News: From maneuver to melody: A Falcon in the chorus
FORT BRAGG, N.C. - As he bent to sing to the crowd, a roar of cheers erupted from the audience. A smooth, soothing voice with a bit of a country accent filled the arena. The young sergeant stood with the microphone held firmly in his hand. He was dressed in his fitted service uniform shining with ribbons and medals, his shiny black jump boots on his feet, and a maroon beret on his head. The paratrooper, with a smile on his face and the spotlight shining on him, serenaded the crowd of the Carolina Hurricanes hockey fans with the song, “Stand By Me.” For Sgt. Jonathon Melton, an infantryman with the 1st Battalion, 325th Airborne Infantry Regiment, 2nd Brigade Combat Team, 82nd Airborne Division, joining the All-American Chorus has given him the chance to do for the Army what he has enjoyed doing most of his life.
“I’ve been singing since I was a baby,” said Melton. “I have always loved music.”
His passion for singing has made him a baritone and soloist with the All-American Chorus. After returning from a deployment to Iraq, Melton got word that the chorus was looking to add some new members to the group.
“When I first got there, I sang to the director of the chorus,” said Melton. “ I sang ‘Simple Man’ to him.”
The director was blown away.
“He told me that he definitely wanted me on the chorus,” said Melton.
Melton said the next few weeks after being selected was hard for him as he strove to learn a variety of new lyrics and music. Performing with the chorus wasn’t always easy for the young singer. Melton recalls his first trip with the chorus also becoming his first solo performance.
“I was sweating; my palms were sweating,” said Melton. “ I was forgetting lyrics to the songs. I had to make some up off the top of my head on the spot.”
Like many other things in life, practice makes perfect. Melton now performs as a soloist in many different events, including military balls, ceremonies and local events in the community. Melton says that he enjoys traveling to perform with the group, and the treatment that they receive is something he enjoys the most. Even though the Paratrooper has been away from the “line company” for some time now, he hasn’t let go of the friends he made while serving with the Red Falcons.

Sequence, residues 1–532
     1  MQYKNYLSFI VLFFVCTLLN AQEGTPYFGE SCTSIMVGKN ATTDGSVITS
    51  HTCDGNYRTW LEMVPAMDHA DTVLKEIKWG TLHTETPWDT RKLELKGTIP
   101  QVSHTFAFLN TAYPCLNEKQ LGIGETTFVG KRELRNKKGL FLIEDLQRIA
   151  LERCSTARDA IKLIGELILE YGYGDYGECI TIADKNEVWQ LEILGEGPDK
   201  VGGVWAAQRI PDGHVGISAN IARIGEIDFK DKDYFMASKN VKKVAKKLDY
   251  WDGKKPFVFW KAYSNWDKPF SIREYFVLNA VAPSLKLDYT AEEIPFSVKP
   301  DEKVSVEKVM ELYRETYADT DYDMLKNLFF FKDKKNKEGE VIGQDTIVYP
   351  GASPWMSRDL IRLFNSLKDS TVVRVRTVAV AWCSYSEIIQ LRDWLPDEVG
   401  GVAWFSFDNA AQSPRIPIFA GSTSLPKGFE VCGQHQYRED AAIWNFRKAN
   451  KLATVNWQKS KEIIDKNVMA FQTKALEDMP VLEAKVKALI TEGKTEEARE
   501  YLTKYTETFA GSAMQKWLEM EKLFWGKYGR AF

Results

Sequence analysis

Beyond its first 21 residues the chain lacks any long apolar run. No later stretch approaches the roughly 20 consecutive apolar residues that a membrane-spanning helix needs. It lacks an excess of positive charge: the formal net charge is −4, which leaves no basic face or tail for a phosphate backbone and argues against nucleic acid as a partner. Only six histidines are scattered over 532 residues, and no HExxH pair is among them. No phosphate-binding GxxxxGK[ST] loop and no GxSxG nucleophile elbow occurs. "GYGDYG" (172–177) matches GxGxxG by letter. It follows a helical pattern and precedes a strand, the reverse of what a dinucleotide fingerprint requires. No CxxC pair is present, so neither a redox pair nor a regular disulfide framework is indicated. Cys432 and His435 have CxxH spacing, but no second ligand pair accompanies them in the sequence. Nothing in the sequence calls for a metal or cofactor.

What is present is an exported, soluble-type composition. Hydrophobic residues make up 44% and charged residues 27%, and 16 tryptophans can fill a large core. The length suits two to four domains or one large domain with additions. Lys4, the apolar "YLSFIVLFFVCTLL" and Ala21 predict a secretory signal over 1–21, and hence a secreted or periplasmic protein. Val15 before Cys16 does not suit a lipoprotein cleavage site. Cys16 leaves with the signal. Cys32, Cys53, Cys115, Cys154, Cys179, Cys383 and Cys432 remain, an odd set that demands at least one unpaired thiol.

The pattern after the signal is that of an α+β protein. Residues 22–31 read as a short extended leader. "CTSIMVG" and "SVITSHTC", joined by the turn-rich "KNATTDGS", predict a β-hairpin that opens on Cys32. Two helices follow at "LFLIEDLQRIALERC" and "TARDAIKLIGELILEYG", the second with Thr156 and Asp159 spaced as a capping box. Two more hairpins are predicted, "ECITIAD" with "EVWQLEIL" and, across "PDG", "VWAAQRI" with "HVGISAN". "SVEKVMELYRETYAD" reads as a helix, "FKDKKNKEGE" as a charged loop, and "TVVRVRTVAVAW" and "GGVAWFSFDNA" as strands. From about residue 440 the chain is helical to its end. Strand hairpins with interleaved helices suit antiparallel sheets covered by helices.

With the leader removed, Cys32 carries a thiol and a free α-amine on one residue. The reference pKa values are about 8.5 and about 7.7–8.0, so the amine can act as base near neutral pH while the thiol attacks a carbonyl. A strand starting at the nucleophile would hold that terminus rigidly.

“I still hang out with a lot of them,” he said.
“We have cookouts a lot of the time. Some of them ask me when I’m coming back. My old chain of command didn’t want me to leave. They still call me from time to time asking me to come back.”
Melton says that being in the chorus has been more relaxing, but it has also made him into an even more well-disciplined soldier. Paratroopers in the chorus spend much of their time in the spotlight, performing in front of civilians and service members, military officials and in front of myriad audiences. A small uniform issue can prevent a member from performing on stage.
“I’m definitely more mature because I haven’t had a choice,” he explains. “You either have to grow up and or you get sent back to your unit. I’ve learned from a lot of the noncommissioned officers here. They have been through a lot of different things.”
Melton says he will take those lessons and apply them to his role as a leader when he returns to the infantry. He is also thankful to have the support of his friends and family.
“My family loves that I’m in the chorus,” he said. “My wife was happy when I joined. She supports whatever I do. I am proud to say that I am in the chorus. I’m happy that I did this. I will never forget being in the chorus.”
Melton plans to stay in the Army for 20 years. Last November, he reenlisted and received an assignment to Germany, where he will return to being an infantryman.
“I’m really looking forward to going back,” said Melton.
Although he is going back to the infantry, he won’t stop doing the thing he loves.
“I love singing and I’m good at it,” said Melton. “If I come back to the 82nd, I’m probably going to try to be in the chorus again. I could possibly be the next noncommissioned officer in charge.”